The Structural Engineer > Archive > Volume 4 (1912-13) > Issues > Issue 4 > Action of acids, oils and fats upon concrete
Name of File 6880-10004-04.pdf cached at 11/12/2017 00:33:46 - with 28 pages. pdfPath: E:\k9.istructe.org\CMS\webtest\files\7c\7c39309f-f8bc-4732-9d75-7c50241b9044.pdf. thumbPath: E:\k9.istructe.org\CMS\webtest\files\pdfthumbs\7c39309f-f8bc-4732-9d75-7c50241b9044_1.png. objDoc: 1 - True. objPreview.Log: . strFileName: 7c39309f-f8bc-4732-9d75-7c50241b9044_1.png

Members/subscribers must be logged in to view this article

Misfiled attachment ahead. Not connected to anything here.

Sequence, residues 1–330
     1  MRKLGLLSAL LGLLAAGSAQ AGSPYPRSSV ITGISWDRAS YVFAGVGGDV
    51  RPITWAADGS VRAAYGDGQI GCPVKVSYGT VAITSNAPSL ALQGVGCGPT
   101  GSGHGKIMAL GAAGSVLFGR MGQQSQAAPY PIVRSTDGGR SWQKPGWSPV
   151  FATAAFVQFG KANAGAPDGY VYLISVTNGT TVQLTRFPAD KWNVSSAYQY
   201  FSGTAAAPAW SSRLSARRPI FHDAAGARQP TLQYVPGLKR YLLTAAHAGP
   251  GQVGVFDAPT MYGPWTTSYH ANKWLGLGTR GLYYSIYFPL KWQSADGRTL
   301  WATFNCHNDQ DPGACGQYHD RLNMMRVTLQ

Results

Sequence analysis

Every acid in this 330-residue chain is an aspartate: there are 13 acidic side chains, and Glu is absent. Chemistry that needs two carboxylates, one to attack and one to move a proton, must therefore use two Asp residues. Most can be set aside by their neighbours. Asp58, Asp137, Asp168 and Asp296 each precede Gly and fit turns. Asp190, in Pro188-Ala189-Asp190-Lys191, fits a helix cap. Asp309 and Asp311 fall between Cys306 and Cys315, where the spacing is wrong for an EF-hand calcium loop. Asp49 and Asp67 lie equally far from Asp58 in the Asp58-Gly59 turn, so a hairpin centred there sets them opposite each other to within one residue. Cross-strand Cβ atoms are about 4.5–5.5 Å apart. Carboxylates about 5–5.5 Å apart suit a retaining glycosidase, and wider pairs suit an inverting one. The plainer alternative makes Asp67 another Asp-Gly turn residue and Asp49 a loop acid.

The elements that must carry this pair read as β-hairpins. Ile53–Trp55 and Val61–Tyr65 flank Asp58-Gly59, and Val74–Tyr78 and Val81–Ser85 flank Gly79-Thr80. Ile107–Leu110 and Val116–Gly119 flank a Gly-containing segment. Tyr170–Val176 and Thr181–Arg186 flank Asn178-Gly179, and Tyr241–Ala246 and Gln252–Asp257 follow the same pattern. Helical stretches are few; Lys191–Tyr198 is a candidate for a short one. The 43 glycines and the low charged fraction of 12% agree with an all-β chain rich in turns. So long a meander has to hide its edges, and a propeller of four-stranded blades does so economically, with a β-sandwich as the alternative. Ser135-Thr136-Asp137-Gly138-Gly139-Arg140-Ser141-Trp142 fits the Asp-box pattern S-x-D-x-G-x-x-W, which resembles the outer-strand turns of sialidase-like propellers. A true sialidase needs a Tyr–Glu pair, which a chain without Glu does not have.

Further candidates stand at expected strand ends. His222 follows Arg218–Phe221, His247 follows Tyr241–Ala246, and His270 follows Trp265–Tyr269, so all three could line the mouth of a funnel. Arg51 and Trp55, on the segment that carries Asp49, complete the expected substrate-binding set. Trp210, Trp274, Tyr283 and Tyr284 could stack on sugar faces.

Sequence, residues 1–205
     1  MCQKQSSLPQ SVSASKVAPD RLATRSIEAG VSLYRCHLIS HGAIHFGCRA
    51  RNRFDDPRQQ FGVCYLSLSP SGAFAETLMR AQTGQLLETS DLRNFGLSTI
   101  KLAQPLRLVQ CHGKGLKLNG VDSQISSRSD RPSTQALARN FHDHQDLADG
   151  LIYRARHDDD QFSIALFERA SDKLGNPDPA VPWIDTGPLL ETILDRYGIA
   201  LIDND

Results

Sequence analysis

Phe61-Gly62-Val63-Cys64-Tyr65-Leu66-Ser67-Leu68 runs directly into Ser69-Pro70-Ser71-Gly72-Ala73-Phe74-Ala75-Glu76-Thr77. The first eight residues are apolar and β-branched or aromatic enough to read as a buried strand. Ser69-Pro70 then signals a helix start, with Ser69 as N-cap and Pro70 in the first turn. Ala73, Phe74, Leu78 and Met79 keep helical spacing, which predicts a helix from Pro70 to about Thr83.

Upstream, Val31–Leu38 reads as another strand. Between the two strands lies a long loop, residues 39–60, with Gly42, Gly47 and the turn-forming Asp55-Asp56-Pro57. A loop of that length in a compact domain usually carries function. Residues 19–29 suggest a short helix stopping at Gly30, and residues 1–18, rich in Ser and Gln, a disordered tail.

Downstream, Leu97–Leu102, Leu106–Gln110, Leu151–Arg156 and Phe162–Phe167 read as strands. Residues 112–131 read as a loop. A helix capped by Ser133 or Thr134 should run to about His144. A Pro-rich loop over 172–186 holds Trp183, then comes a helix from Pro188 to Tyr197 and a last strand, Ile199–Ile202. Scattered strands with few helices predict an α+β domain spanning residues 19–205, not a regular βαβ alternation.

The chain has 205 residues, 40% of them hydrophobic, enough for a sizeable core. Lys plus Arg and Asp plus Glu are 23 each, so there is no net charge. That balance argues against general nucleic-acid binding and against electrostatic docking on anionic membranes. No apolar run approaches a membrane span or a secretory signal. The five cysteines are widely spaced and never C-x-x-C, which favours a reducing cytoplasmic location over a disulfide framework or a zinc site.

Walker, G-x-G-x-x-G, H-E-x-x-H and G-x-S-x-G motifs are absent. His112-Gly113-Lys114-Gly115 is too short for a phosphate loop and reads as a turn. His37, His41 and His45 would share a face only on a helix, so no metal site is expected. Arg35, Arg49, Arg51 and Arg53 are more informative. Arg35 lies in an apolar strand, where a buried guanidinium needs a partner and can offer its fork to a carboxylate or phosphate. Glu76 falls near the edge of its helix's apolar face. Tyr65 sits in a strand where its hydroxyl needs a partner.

Action of acids, oils and fats upon concrete

With regard to the mineral acids-e.g., hydrochloric, nitric, and sulphuric acids-there is little to be said. Neither cement nor concrete will withstand the action of these acids, which decompose and dissolve the constituents of cement, even in dilute solution. Even a weak acid, like carbonic acid, has a distinct action upon cement, which, suspended in water, can be practically entirely carbonated- by passing a current of carbon dioxide into it. W Laurence Gadd